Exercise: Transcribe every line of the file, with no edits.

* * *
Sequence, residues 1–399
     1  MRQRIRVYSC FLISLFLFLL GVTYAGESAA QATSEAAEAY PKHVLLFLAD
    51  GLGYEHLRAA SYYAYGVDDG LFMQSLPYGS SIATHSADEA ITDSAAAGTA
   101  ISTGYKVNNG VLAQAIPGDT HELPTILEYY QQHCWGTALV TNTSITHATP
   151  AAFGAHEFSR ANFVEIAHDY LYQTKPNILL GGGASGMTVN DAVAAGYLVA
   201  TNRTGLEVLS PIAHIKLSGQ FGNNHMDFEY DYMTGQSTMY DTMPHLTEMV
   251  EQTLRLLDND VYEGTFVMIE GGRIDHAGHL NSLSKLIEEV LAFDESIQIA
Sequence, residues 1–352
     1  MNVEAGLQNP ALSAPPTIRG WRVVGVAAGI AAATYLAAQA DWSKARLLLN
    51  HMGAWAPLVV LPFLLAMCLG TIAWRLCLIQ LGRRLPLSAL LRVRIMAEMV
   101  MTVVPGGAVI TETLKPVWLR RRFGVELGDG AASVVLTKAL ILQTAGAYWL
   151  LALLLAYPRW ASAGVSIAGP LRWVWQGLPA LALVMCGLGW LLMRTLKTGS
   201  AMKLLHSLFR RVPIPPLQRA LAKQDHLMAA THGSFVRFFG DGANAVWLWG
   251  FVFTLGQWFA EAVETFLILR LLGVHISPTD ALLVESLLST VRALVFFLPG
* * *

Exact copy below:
Sequence, residues 1–399
     1  MRQRIRVYSC FLISLFLFLL GVTYAGESAA QATSEAAEAY PKHVLLFLAD
    51  GLGYEHLRAA SYYAYGVDDG LFMQSLPYGS SIATHSADEA ITDSAAAGTA
   101  ISTGYKVNNG VLAQAIPGDT HELPTILEYY QQHCWGTALV TNTSITHATP
   151  AAFGAHEFSR ANFVEIAHDY LYQTKPNILL GGGASGMTVN DAVAAGYLVA
   201  TNRTGLEVLS PIAHIKLSGQ FGNNHMDFEY DYMTGQSTMY DTMPHLTEMV
   251  EQTLRLLDND VYEGTFVMIE GGRIDHAGHL NSLSKLIEEV LAFDESIQIA
Sequence, residues 1–352
     1  MNVEAGLQNP ALSAPPTIRG WRVVGVAAGI AAATYLAAQA DWSKARLLLN
    51  HMGAWAPLVV LPFLLAMCLG TIAWRLCLIQ LGRRLPLSAL LRVRIMAEMV
   101  MTVVPGGAVI TETLKPVWLR RRFGVELGDG AASVVLTKAL ILQTAGAYWL
   151  LALLLAYPRW ASAGVSIAGP LRWVWQGLPA LALVMCGLGW LLMRTLKTGS
   201  AMKLLHSLFR RVPIPPLQRA LAKQDHLMAA THGSFVRFFG DGANAVWLWG
   251  FVFTLGQWFA EAVETFLILR LLGVHISPTD ALLVESLLST VRALVFFLPG